It's common knowledge that ocean carriers and airlines took ships and aircraft out of service during the recession in an effort to reduce excess capacity and prop up rates. But now that business is picking up, they can just crank up the engines and get those ships and airplanes back in service, right?
Apparently not. Even equipment that has been carefully maintained while "on vacation" still needs extensive preparation before it can start plying the sea lanes or flying the friendly skies.
Dozens of large freighter aircraft, each able to carry payloads in excess of 80 metric tons, currently are parked in the desert, says David Hoppin, an independent transportation and logistics consultant and strategist. Although the dry desert air cuts down on the risk of metal corrosion, the aircraft still require protection from the elements, and they must pass stringent safety inspections before they can be certified to fly again. Not all will make it out of the so-called airplane "boneyards." It won't make economic sense to reactivate some of them due to their age (and thus relative inefficiency) and/or the cost of maintenance work required to return them to service, Hoppin says.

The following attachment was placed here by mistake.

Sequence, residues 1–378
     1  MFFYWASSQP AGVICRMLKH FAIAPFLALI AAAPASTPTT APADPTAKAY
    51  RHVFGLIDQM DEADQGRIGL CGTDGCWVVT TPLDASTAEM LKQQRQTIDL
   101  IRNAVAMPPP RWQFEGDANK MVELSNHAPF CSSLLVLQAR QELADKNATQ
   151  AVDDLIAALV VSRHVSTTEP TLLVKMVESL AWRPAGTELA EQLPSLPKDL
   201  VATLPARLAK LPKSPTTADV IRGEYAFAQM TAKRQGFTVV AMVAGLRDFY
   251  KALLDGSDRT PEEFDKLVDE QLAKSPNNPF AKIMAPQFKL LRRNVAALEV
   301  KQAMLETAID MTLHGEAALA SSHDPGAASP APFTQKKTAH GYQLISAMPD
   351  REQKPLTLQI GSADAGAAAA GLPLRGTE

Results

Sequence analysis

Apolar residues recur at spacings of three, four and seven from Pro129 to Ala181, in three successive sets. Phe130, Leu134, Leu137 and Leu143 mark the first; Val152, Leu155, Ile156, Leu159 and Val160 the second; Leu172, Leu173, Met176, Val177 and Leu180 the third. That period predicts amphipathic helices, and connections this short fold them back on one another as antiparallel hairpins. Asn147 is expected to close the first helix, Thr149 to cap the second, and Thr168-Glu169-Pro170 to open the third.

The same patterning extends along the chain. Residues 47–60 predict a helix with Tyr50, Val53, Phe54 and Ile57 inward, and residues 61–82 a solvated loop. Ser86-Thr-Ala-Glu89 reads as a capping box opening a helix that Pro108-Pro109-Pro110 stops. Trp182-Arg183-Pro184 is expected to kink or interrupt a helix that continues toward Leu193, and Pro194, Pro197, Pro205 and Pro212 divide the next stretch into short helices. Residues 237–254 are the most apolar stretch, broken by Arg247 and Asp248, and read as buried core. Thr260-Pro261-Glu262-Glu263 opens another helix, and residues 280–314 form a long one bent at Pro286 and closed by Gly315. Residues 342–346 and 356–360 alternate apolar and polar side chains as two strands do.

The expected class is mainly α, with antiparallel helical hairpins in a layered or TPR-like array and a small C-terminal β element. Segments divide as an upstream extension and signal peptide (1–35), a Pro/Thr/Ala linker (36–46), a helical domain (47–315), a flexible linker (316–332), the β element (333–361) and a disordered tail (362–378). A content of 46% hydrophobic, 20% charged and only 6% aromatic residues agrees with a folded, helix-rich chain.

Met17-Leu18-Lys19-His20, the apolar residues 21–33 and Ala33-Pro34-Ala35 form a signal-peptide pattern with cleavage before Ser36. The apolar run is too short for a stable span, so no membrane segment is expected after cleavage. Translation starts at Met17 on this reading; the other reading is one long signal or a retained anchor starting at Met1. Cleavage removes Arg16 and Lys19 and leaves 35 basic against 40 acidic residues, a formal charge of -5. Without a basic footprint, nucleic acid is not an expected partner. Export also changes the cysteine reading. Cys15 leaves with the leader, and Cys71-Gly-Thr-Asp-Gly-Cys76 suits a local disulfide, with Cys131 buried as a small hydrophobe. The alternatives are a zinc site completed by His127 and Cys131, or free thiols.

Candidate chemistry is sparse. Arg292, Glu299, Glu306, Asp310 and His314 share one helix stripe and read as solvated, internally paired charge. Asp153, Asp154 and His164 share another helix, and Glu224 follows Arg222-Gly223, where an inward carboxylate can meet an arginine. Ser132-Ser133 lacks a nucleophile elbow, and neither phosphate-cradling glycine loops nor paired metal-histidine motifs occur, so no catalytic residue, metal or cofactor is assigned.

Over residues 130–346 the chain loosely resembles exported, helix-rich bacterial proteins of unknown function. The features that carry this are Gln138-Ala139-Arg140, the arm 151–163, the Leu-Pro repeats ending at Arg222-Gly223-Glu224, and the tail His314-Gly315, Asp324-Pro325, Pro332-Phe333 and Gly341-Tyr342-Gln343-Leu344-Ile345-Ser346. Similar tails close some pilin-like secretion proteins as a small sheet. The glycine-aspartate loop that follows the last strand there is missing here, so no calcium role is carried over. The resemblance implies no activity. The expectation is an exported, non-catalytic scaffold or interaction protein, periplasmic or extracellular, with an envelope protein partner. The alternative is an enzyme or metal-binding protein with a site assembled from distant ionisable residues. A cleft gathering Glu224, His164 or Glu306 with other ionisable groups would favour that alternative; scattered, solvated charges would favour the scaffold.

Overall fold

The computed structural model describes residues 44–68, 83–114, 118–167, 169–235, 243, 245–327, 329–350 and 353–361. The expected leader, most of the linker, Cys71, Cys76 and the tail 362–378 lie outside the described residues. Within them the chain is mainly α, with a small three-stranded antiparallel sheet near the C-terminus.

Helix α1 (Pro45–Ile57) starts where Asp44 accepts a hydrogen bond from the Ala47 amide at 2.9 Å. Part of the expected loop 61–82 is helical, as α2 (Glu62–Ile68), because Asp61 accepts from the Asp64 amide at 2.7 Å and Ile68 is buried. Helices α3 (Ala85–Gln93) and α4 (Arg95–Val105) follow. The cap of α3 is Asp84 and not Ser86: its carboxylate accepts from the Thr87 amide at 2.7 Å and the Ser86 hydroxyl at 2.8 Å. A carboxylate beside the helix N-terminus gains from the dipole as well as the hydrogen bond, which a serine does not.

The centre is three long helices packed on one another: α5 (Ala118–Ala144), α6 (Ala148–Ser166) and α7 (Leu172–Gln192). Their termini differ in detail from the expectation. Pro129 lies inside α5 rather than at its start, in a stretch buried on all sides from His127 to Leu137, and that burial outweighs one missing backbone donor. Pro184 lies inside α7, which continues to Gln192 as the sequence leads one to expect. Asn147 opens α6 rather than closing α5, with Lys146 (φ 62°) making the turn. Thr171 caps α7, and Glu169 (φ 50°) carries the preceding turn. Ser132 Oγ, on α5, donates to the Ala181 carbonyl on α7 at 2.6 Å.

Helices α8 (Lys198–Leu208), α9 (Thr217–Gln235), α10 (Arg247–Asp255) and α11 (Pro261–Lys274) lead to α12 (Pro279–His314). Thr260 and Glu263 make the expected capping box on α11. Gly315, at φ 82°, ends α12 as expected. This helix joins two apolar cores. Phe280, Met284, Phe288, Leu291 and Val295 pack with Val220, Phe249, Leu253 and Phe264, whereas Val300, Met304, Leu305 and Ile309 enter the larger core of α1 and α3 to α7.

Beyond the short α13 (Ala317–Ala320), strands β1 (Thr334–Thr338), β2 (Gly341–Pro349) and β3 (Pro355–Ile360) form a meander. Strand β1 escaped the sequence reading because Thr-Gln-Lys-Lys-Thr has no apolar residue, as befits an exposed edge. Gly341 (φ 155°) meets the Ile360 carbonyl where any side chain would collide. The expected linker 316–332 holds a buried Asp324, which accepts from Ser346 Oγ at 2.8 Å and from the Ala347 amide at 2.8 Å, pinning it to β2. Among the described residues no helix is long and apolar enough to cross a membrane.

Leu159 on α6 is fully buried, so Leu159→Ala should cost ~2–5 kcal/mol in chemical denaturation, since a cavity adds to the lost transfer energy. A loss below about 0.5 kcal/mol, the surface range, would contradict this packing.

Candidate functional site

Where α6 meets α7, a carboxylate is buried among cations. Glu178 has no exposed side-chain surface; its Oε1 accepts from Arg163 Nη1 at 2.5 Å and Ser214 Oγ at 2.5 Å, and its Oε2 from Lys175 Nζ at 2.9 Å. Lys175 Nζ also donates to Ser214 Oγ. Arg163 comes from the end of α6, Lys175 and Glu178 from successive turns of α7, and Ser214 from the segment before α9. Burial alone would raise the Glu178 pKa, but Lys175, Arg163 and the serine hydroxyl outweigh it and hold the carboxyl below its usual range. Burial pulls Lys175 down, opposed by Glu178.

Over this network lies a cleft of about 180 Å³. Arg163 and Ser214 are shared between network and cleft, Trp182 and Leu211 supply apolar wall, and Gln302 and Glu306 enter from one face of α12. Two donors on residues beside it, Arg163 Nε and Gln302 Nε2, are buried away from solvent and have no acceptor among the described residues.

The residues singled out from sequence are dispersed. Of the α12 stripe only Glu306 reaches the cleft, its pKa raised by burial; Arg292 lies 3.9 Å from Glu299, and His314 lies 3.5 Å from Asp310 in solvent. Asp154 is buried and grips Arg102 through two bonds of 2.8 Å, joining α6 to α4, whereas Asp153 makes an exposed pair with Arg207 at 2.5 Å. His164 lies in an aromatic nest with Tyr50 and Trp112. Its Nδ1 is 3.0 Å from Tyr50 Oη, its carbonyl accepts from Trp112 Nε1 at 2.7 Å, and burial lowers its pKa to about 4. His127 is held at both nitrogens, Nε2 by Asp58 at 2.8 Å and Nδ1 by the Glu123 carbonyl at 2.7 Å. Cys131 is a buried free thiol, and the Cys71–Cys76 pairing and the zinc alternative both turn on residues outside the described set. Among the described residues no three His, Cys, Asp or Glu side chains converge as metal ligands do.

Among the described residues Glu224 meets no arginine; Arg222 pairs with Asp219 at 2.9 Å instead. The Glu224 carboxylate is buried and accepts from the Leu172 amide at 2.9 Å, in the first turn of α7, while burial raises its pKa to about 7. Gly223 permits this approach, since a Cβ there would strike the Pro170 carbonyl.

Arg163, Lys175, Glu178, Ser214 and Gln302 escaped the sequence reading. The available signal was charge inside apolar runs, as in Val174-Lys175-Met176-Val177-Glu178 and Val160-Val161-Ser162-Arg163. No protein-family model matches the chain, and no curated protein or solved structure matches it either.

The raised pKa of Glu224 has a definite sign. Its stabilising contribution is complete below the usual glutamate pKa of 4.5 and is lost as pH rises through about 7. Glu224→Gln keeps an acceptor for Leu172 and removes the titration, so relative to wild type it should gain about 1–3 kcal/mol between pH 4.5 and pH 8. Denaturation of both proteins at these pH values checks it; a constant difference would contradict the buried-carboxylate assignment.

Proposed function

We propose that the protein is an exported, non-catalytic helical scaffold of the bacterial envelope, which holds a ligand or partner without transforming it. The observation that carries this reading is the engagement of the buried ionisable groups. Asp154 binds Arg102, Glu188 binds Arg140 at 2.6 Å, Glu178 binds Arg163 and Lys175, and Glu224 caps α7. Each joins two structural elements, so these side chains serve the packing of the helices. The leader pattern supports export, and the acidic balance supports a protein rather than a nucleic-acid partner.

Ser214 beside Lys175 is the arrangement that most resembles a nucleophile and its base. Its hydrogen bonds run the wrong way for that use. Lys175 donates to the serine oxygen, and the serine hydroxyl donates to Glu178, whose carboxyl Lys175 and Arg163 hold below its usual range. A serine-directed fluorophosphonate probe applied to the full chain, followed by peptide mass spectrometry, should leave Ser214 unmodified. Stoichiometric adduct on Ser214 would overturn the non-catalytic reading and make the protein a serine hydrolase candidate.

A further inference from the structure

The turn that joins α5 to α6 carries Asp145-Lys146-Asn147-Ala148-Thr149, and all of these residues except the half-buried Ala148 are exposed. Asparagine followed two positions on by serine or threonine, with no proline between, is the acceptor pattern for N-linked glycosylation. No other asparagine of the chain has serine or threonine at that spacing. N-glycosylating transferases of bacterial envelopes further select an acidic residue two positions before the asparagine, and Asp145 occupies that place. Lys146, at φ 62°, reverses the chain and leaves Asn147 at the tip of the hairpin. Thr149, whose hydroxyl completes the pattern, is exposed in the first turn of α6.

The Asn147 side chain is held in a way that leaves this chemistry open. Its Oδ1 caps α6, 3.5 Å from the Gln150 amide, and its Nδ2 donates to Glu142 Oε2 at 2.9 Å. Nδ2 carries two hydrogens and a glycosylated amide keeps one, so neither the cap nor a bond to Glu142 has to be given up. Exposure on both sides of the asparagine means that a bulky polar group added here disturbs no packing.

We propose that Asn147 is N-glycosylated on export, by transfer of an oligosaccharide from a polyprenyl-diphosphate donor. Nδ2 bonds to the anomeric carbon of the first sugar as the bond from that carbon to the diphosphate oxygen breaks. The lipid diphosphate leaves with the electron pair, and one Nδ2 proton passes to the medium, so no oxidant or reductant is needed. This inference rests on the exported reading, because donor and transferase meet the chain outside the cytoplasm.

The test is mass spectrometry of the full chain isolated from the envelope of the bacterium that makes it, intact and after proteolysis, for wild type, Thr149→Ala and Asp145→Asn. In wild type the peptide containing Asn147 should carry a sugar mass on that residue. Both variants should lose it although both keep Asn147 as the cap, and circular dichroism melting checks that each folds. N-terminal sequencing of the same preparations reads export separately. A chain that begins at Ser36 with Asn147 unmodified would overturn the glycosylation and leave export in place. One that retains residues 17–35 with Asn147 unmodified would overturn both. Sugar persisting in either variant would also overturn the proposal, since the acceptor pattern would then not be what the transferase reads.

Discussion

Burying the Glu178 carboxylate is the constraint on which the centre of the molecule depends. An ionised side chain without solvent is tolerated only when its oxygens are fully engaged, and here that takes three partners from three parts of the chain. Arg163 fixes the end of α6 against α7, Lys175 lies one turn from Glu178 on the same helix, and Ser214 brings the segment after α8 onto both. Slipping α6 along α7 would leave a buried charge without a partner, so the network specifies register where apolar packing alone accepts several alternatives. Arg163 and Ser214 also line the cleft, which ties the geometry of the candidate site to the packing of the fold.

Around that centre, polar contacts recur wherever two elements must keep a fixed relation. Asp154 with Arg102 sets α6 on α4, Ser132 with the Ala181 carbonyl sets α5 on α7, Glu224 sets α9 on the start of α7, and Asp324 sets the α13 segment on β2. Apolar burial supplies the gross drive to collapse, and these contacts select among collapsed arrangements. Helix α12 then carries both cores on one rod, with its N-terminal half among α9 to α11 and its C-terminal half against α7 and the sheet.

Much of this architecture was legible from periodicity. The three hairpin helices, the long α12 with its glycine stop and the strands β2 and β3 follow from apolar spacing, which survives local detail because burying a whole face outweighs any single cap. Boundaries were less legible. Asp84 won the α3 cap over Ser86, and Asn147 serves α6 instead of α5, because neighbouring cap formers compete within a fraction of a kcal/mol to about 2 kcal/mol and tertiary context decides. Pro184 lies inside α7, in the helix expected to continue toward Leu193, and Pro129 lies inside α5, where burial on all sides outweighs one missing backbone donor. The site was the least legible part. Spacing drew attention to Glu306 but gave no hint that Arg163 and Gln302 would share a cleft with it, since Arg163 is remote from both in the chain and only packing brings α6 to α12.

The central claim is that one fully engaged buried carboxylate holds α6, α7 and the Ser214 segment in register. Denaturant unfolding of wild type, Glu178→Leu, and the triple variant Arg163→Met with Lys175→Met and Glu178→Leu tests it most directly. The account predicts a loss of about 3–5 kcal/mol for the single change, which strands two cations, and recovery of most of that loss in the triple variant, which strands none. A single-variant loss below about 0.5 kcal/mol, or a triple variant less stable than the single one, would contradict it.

Ships kept in "hot" lay-up, with most of their equipment running, typically can return to service in about 24 hours. But those that are stored "cold"—with their electrical and mechanical systems shut down—require three or more weeks before they can be recommissioned, according to Russ Brown, global business development manager with Munters Moisture Control Services. Moisture, condensation, mold, and corrosion are all hazards for mothballed ships, he says. Carriers often use desiccant dehumidification equipment in enclosed areas of the ship to bring relative humidity down to 50 percent or less, Brown wrote in an article on how to combat those problems.